I won't throw out a guess as to when we will get our first substantial snowstorm this year, but being that it's almost October, we know it's not far off.

Like most years, I'm not really looking forward to winter.  I don't snowmobile or ski anymore, and I barely get out ice fishing.  My mid-section would tell you I should be out and more active all year round, but I just don't care for the cold.

I did spend some money on a new to me and virtually like-new snow blower a couple of weeks ago and the getting older art of me is actually excited to use it.  Now, don't take that as me wanting snow tomorrow, but when it does get here, I'll be ready.

I only bought my first snow blower in my life last year, and it works ok.  It was a smidgen underpowered for my driveway so that's why I upgraded.  Machines like that need maintenance though, especially since they sit unused for many months.  Here are some basic things to check, and change. or consider with your snow blower before we have our first big snow event.

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Check and/or change snow blower spark plugs

Spark Plug- Photo Credit: Joe Danger
Spark Plug- Photo Credit: Joe Danger
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It doesn't take much for a spark plug to get fouled up, especially if you aren't running some quality non-oxy premium fuel in small engines.  That 87-octane Minnesota corn gas is garbage in my opinion so if you are using it, maybe consider jumping up a couple of tiers.  Changing a spark plug on most snow blowers is incredibly easy and they will generally run anywhere from a few dollars up to ten.

Check and/or change the snow blower's oil

Engine Oil- Photo Credit: Joe Danger
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Changing the oil on a snow blower is also another generally easy and inexpensive maintenance task.  Just make sure you are using a viscosity and oil type that meets the specs for your particular machine.  Even if it looks okay, changing it once a year is good piece of mind, especially right before the snowy season.

Buy extra snow blower shear pins

Shear Pins- Photo Credit: Joe Danger
Shear Pins- Photo Credit: Joe Danger
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Shear pins connect your snow blower's auger flights to the auger shaft.  They are safety components that break if the auger torque is too much.  Often this happens if you are working the machine too hard with tougher and more icy snow, or trying to blow through a large and compacted snowbank.  The shear pins break so your auger drive shaft doesn't.  Shear pins like spark plugs aren't that expensive, costing only five to fifteen bucks for several of them.  If you don't have any on hand in the garage or shed, grab some before winter in case they do break in the middle of a big storm.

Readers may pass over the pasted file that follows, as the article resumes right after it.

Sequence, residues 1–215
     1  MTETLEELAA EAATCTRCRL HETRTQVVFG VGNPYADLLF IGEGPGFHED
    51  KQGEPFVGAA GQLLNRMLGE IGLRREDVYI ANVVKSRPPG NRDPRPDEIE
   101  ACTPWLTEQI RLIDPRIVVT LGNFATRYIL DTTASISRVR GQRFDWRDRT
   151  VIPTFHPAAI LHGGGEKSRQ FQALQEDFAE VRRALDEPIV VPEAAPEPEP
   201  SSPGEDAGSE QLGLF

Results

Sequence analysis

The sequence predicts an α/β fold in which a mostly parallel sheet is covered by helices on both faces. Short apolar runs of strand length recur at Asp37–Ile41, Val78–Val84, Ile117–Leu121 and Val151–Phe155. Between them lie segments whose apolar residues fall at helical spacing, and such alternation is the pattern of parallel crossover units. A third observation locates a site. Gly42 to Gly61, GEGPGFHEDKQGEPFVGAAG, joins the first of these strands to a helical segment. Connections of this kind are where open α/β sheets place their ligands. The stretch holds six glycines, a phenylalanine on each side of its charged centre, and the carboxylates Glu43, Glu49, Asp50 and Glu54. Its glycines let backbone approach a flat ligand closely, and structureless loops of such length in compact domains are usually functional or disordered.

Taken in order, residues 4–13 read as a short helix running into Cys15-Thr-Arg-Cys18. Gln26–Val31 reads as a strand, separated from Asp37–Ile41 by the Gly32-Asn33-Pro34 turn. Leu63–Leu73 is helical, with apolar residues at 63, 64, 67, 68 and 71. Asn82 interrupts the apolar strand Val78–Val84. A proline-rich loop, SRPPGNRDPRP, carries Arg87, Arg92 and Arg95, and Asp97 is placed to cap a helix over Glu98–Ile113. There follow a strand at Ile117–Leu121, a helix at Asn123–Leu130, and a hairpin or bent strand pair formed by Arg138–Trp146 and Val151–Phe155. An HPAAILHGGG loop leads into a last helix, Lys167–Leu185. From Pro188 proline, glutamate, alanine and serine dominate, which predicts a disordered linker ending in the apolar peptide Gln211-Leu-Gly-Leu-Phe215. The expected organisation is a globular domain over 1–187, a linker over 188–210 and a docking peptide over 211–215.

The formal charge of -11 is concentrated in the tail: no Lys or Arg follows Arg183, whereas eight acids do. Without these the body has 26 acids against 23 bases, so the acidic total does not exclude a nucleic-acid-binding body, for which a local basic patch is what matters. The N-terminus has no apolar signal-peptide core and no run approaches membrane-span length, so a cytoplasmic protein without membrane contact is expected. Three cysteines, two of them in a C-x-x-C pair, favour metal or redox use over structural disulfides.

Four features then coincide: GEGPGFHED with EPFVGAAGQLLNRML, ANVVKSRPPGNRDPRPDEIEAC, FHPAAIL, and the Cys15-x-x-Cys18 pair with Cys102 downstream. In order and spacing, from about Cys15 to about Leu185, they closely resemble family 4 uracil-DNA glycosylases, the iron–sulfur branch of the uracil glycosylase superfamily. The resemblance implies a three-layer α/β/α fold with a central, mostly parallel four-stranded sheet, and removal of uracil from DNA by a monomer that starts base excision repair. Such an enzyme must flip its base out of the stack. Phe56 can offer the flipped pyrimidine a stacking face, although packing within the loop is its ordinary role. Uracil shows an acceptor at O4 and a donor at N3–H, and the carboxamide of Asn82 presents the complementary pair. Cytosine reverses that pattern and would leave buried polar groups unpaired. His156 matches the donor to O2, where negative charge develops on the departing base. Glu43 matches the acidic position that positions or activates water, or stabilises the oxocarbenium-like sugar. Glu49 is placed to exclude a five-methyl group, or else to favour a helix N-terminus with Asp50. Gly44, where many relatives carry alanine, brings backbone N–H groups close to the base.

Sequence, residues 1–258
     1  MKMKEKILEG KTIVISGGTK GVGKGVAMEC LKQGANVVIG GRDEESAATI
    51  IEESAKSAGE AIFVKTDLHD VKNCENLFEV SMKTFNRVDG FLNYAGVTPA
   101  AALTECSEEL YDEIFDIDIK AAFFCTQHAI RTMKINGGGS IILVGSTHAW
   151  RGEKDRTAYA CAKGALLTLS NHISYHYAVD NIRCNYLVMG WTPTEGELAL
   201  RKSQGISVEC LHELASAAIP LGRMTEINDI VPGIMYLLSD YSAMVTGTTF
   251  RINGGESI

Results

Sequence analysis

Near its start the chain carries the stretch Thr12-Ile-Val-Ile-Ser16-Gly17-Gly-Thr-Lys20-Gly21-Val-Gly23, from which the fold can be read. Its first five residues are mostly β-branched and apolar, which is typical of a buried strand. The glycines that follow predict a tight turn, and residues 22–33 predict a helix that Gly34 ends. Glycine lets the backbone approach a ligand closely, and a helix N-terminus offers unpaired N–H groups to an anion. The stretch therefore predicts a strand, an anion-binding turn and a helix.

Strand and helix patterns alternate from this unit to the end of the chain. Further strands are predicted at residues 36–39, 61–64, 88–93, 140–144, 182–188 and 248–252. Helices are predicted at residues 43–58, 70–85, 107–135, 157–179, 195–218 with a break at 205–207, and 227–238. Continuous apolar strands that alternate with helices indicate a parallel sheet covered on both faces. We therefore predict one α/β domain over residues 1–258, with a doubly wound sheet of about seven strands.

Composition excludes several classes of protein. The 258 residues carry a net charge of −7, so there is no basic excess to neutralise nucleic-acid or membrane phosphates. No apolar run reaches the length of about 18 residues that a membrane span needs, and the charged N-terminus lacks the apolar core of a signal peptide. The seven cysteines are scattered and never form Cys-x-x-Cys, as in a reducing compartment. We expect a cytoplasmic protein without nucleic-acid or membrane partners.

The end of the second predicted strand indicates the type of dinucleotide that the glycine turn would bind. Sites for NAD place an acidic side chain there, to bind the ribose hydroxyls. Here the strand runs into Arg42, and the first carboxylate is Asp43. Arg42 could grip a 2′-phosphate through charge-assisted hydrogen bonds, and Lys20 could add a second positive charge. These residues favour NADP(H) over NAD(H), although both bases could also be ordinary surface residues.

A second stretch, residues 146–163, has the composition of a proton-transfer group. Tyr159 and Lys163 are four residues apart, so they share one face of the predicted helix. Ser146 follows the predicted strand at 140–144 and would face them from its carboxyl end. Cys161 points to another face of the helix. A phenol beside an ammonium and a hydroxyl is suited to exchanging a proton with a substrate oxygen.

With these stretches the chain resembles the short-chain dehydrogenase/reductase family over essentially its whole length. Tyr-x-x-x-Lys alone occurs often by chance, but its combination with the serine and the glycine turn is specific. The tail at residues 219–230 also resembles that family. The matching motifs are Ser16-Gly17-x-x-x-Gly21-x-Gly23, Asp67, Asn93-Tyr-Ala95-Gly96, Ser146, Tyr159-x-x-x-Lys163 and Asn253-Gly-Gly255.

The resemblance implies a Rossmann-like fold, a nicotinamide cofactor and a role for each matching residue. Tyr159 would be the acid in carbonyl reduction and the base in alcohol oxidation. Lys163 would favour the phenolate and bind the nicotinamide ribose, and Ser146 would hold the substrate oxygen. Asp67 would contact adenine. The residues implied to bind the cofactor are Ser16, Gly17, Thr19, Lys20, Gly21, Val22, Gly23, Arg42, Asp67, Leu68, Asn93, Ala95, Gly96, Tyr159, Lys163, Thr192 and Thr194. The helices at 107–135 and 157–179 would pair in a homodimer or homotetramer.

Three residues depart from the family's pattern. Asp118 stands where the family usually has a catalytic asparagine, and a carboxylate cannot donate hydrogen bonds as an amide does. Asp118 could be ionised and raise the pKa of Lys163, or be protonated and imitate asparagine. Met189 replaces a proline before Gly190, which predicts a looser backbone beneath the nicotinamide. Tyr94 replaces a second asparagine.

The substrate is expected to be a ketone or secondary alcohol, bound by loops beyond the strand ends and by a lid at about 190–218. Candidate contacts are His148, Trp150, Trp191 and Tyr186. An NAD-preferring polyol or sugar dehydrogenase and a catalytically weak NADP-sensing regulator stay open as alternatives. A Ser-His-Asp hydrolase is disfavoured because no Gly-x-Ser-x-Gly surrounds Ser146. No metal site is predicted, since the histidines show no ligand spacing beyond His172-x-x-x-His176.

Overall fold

Check snow blower drive belt

Depending on your snow blower model, you may have one or several belts.  Check them for wear and replace them as needed.  Having a spare drive belt is another great thing to keep on hand in the event one snaps.

Inspect snow blower skid shoes and/or shave plate

Snow Blower Shoes- Photo Credit: Joe Danger
Snow Blower Shoes- Photo Credit: Joe Danger
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These wear items sometimes need replacing and they aren't hard to change, usually held on with a couple of bolts.  Check for obvious damage, excessive wear, and adjustment as needed.

Inspect snow blower air filter

Air filters need to be clean for the engine to breathe properly.  Even with winter use, dust and debris can get into an air filter and clog it up.  They also can break down and degrade when old, so inspect and replace them as needed.  Unless you have some crazy off-brand model, air filters for snow blowers also aren't that expensive.  It's probably not an item you need to keep on hand though, especially if you're inspecting it often enough.  They generally don't just suddenly go bad.

What else would you add to this list for snow blower maintenance?

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